In a speech to August’s CPAC gathering in Dallas, Hungarian president Viktor Orbán said a good many admirable things about the importance of liberty and the tyranny of the globalist left, and the audience was gratifyingly receptive. But the biggest cheers and the most prolonged applause came in response to Orbán’s citation of a line from the Hungarian constitution: “Hungary shall protect the institution of marriage as the union of one man and one woman.”

Not so long ago, that enthusiasm might have raised eyebrows. To be sure, the 2015 Obergefell v. Hodges ruling caused widespread rancor:...

In a speech to August’s CPAC gathering in Dallas, Hungarian president Viktor Orbán said a good many admirable things about the importance of liberty and the tyranny of the globalist left, and the audience was gratifyingly receptive. But the biggest cheers and the most prolonged applause came in response to Orbán’s citation of a line from the Hungarian constitution: “Hungary shall protect the institution of marriage as the union of one man and one woman.”

Not so long ago, that enthusiasm might have raised eyebrows. To be sure, the 2015 Obergefell v. Hodges ruling caused widespread rancor: at a moment in history when the fifty states and DC were struggling over — and making their own decisions about — the question of same-sex marriage, many conservatives were furious at the Supreme Court for claiming to find a constitutional basis for it and thereby taking the issue suddenly and dramatically off the table.

But the anger died down soon enough. Most of those who’d opposed gay marriage seemed to accept it as settled law. The nation moved on. In this process, Donald Trump played a decisive role. For a quarter century, gay-bashing had been a constant feature of GOP presidential campaigns; today, #NeverTrump Republicans pretend that until Trump came along, their party embodied decency and class. On the contrary, it was the party that could always be relied on to whip up anti-gay bigotry to win elections, thereby alienating gay voters who otherwise might readily have given it their support.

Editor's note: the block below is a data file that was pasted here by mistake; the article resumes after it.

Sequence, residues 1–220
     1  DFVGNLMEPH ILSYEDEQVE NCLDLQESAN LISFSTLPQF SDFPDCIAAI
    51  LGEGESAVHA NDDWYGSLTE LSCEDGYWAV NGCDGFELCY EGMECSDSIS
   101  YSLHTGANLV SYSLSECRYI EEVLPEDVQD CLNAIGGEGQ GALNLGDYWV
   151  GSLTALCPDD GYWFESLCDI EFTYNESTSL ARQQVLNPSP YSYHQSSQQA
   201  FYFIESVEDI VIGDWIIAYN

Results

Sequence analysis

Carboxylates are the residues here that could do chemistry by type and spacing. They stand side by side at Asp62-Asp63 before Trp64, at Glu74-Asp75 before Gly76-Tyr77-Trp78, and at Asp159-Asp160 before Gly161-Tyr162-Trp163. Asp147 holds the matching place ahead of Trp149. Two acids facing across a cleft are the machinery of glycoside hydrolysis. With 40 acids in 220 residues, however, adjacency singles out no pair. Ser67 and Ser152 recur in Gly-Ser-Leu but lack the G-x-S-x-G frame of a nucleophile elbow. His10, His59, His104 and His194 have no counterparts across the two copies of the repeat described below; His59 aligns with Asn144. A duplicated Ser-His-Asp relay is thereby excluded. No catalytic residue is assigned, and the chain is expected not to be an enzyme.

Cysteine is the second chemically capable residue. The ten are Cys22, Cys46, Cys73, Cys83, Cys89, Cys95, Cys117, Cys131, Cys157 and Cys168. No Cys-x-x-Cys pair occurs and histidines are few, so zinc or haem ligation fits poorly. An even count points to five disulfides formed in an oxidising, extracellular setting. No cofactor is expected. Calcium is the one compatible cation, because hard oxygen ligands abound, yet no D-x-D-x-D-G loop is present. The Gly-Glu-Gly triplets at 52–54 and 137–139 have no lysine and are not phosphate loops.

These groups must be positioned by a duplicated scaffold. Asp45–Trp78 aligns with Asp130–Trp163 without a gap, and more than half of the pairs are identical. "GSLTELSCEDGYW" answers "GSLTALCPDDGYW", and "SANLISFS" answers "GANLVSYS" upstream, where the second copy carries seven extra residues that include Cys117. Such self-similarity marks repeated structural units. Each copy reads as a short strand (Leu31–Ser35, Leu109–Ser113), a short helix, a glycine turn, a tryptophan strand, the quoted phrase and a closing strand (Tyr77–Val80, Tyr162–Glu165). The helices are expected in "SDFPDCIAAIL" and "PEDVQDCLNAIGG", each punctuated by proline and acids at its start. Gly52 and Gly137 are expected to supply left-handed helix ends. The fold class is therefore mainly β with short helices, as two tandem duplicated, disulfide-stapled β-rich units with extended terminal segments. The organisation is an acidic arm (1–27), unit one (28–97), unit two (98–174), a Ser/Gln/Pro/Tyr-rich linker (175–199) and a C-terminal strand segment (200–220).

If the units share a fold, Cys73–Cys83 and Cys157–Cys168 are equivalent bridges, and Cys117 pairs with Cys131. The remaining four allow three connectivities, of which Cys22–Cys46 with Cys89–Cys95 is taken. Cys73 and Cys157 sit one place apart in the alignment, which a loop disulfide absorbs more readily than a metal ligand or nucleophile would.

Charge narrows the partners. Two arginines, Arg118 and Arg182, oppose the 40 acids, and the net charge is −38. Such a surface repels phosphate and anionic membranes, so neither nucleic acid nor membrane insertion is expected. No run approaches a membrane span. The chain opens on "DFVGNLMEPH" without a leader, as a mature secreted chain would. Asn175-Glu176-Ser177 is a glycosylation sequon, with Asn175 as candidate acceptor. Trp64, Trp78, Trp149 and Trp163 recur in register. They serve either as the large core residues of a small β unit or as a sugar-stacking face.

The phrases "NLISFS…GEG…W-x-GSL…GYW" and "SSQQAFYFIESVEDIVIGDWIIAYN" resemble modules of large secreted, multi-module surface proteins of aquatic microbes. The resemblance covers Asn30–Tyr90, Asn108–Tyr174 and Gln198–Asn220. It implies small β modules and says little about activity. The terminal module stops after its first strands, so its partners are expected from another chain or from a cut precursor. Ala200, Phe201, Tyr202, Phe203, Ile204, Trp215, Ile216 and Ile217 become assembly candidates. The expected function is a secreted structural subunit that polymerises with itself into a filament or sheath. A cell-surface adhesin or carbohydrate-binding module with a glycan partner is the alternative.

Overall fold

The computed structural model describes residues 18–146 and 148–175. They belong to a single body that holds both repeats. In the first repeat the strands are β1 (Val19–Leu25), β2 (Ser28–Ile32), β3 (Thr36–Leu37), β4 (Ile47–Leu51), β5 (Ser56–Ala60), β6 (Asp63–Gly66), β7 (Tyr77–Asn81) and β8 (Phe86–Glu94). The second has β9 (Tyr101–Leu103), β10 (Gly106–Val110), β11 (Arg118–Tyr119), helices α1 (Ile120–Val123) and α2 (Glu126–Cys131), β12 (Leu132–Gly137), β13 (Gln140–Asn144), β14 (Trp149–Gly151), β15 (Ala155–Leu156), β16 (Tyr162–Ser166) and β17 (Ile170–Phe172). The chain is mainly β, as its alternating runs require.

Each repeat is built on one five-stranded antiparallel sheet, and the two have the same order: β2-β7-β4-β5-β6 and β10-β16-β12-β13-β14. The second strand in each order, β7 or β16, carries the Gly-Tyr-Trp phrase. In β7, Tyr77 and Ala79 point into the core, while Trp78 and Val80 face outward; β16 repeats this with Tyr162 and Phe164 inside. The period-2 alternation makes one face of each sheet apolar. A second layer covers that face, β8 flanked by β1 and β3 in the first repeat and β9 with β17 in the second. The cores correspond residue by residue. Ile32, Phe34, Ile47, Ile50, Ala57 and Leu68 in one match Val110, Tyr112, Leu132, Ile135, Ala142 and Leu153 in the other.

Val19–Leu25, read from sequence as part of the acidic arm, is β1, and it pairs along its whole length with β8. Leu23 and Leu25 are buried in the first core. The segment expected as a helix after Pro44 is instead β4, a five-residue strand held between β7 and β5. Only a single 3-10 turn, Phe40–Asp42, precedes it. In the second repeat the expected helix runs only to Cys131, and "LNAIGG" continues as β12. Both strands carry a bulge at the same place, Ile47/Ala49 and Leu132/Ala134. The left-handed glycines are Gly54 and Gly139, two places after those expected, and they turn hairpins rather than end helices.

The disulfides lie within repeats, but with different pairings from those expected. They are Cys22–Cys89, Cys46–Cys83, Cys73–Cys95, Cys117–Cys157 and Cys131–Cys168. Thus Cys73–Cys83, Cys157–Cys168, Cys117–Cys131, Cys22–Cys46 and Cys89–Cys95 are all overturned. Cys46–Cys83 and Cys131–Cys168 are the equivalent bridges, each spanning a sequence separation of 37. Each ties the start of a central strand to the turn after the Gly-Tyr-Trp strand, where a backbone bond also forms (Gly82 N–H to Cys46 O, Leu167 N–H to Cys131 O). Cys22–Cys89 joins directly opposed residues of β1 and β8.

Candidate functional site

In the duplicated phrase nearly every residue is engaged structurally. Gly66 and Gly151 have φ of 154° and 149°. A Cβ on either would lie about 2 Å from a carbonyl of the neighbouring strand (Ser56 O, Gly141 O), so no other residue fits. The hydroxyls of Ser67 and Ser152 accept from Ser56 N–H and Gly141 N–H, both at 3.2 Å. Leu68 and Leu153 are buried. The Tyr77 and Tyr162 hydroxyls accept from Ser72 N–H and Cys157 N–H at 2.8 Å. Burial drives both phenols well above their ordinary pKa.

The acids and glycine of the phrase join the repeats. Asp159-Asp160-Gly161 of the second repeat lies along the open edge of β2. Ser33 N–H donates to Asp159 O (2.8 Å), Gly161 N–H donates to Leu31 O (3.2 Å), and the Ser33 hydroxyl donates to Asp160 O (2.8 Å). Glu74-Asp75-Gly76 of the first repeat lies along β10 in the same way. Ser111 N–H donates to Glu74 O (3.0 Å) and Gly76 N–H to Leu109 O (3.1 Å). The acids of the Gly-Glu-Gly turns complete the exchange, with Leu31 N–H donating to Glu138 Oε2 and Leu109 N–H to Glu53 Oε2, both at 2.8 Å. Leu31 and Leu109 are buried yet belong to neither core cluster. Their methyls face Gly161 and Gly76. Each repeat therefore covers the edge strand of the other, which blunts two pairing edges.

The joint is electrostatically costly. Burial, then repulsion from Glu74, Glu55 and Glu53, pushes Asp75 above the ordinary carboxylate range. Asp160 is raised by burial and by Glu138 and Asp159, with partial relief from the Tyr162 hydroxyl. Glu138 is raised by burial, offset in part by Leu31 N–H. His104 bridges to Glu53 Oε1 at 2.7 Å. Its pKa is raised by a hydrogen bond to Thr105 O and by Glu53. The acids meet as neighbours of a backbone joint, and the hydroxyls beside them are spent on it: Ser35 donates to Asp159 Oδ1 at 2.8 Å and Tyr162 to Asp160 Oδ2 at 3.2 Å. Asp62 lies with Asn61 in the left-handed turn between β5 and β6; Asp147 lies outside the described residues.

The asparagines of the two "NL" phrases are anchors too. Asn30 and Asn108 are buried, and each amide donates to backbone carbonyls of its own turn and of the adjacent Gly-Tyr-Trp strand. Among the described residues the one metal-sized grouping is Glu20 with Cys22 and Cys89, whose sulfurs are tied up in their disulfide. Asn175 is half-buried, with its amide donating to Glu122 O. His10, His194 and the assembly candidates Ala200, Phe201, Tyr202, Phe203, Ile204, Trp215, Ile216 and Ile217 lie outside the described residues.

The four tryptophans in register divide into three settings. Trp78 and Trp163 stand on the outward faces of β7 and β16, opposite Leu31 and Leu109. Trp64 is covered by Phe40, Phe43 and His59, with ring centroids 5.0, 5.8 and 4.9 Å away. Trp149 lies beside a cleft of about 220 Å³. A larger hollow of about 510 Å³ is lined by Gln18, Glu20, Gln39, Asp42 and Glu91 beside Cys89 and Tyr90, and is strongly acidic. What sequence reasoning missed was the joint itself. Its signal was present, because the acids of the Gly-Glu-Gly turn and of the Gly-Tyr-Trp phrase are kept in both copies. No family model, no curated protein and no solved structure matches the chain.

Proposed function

Trump changed that overnight. He’d supported gay marriage for years and, unlike others before him, he didn’t change his stripes when he ran for office. The main reason he emerged from the pack to become the GOP’s standard bearer was that he was fixated on the real challenges and injustices facing hard-up conservative voters; he had no interest in pushing phony issues or tapping into voter prejudices.

At first, it was almost impossible to believe. Following his campaign closely, I kept waiting for that first anti-gay applause line. It never came. Barack Obama, who’d lit up the White House in rainbow colors when the Obergefell ruling came down, had run as an opponent of gay marriage. (He later said that he’d “evolved” on the issue — yes, and with impeccable timing, to boot.) Trump was the first president to be a supporter of gay marriage the moment he took the oath of office.